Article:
Here at The Midlands Training Company we offer a course which will give you more information and help you to understand your role as a caregiver for more information please click the link here: https://www.themidlandstrainingcompany.co.uk/product/care-understanding-your-role/

Or call us on  02746714 873.

The importance of equality and diversity practice in the care industry

equality, human rights, diversity, training, care

If you work within the care industry you will no of the importance of this particular subject.

Equality and diversity are essential components of health and social care. Having quality and established equality and diversity practices help to ensure that the services provided are fair and accessible to all.

So, what is the definition of equality and diversity and where do they fit within your business practices?

Equality means ensuring that all those within your setting have equal opportunities, regardless of abilty, background or lifestyle.

Diversity means appreciating the differences between people and treating people’s values, beliefs, cultures and lifestyles with respect.

If you work within the health or social care sector you will be aware of four key laws to follow. These are;

  • The Equality Act 2010 – The Equality Act 2010 brings together a number of existing laws into one place so that it is easier to use. It sets out the personal characteristics that are protected by the law and the behaviour that is unlawful. These are age, disability, marriage and civil partnership, pregnancy and maternity, race, religion and belief, sex, gender reassignment and sexual orientation.
  • The Human Rights Act 1998 – this legislation outlines the basic human rights and principles of equality. The ‘FREDA’ acronym helps you to remember what is covered by the Act: Fairness, Respect, Equality, Dignity and Autonomy.
  • The Mental Capacity Act 2005 – The Mental Capacity Act (MCA) is designed to protect and empower individuals who may lack the mental capacity to make their own decisions about their care and treatment. It is a law that applies to individuals aged 16 and over.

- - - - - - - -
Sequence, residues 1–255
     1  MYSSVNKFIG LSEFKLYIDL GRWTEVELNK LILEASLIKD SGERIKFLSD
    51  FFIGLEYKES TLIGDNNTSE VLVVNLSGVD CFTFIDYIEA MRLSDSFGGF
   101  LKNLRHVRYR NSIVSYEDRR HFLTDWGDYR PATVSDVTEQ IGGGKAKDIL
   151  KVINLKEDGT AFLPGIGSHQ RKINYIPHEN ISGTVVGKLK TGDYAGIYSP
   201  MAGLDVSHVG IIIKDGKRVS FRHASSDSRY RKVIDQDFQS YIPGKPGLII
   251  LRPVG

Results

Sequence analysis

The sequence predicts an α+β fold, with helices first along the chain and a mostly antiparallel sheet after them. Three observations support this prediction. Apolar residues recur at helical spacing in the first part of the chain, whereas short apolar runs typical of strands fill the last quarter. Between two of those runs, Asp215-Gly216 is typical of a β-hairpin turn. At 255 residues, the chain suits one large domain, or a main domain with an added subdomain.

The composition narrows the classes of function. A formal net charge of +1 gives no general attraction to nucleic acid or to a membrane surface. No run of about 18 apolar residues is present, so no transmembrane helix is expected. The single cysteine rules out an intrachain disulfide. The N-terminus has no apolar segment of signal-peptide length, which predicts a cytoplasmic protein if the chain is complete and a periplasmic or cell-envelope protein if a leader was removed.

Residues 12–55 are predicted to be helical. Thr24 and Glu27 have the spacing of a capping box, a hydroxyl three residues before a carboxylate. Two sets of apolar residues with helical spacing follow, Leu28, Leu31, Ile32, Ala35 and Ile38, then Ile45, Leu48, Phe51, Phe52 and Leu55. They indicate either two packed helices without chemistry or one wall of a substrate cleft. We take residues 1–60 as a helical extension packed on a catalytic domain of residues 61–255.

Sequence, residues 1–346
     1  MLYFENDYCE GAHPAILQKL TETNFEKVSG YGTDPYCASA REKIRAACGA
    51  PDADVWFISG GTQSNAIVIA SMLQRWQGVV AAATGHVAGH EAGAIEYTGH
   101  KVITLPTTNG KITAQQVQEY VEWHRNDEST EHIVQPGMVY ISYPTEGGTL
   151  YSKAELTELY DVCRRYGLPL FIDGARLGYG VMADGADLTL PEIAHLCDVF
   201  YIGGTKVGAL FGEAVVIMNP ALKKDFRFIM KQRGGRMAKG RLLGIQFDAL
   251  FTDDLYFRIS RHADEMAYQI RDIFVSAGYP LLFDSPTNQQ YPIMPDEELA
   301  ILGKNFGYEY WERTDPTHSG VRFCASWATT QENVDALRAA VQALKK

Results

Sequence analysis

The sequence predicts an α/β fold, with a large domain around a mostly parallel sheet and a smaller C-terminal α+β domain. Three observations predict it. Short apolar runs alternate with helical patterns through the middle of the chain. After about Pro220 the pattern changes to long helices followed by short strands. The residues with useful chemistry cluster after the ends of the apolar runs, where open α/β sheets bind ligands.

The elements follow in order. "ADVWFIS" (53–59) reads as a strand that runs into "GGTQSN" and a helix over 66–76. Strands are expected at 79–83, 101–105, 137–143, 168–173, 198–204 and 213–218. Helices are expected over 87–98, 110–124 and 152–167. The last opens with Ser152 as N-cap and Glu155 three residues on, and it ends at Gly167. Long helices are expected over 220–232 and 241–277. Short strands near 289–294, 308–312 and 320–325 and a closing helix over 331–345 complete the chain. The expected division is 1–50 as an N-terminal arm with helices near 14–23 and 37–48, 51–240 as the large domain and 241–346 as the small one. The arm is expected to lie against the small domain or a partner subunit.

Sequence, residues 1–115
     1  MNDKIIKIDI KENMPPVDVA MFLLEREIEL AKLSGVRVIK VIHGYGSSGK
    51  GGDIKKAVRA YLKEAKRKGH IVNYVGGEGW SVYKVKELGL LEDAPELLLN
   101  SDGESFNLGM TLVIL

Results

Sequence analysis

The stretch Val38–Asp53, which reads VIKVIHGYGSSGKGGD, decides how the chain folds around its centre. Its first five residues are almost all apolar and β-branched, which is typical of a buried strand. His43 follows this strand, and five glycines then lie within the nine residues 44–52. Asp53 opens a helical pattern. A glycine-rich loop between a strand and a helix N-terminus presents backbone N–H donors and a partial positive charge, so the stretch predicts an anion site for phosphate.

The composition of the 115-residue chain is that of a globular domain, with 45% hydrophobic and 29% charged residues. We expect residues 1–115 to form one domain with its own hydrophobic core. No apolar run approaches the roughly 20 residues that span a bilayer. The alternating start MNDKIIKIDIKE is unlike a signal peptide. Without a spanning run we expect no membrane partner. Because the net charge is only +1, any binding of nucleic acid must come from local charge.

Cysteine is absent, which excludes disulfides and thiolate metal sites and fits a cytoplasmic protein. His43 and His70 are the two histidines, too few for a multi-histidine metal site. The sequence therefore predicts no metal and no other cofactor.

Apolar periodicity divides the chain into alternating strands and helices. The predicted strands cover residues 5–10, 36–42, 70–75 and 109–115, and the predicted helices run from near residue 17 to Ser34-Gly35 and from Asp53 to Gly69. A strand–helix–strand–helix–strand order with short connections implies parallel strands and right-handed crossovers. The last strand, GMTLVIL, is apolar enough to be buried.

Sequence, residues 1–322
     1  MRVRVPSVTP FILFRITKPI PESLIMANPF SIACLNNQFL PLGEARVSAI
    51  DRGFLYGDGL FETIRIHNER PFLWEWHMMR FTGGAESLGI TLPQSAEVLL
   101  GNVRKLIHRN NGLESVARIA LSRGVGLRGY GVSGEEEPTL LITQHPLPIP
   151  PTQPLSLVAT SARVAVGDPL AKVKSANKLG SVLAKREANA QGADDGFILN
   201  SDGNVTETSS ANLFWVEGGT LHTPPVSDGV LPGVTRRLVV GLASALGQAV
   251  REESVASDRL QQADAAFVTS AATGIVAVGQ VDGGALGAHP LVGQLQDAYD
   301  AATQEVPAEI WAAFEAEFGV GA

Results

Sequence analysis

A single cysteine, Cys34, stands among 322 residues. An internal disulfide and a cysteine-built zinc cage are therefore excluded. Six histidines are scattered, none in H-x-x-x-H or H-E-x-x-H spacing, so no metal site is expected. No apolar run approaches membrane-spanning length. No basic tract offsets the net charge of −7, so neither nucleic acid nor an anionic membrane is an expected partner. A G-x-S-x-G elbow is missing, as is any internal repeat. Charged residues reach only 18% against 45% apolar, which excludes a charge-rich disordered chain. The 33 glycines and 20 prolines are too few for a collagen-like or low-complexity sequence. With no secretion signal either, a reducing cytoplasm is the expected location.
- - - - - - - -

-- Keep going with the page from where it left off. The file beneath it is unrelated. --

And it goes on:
• The Care Act 2014 – The Care Act 2014 came into effect from April 2015 and replaced most previous law regarding carers and people being cared for. this legislation provides six key principles which should underpin all work with vulnerable adults. This includes ensuring that adults receive support that’s personal to them, chosen by them and has their consent.

The importance of getting all of the above right can never be underestimated. It is key to remember, within care, that patients/service users are individuals and should always be treated as such. This is particularly important for any adults in need who, for a variety of reasons such as disability, illness or age, are not subsequently to take sufficient care of themselves or keep themselves from harm.

The main focus for promoting equality and diversity in the workplace is to prevent any kind of discrimination so being very aware of everything within your setting is key. Having stringest staff policies, up-to-date training and extremely regular checks will make the difference. Remember each patient or service user is an individual so when a new member arrives what may have been suitable in the past may NOT now be suitable for that person whether it is accessibility within the setting for example.

MTC offer elearning courses for Equality, diversity & human rights training for just £9.99 as well as number of other great elearning courses you can access for your staff simply and quickly.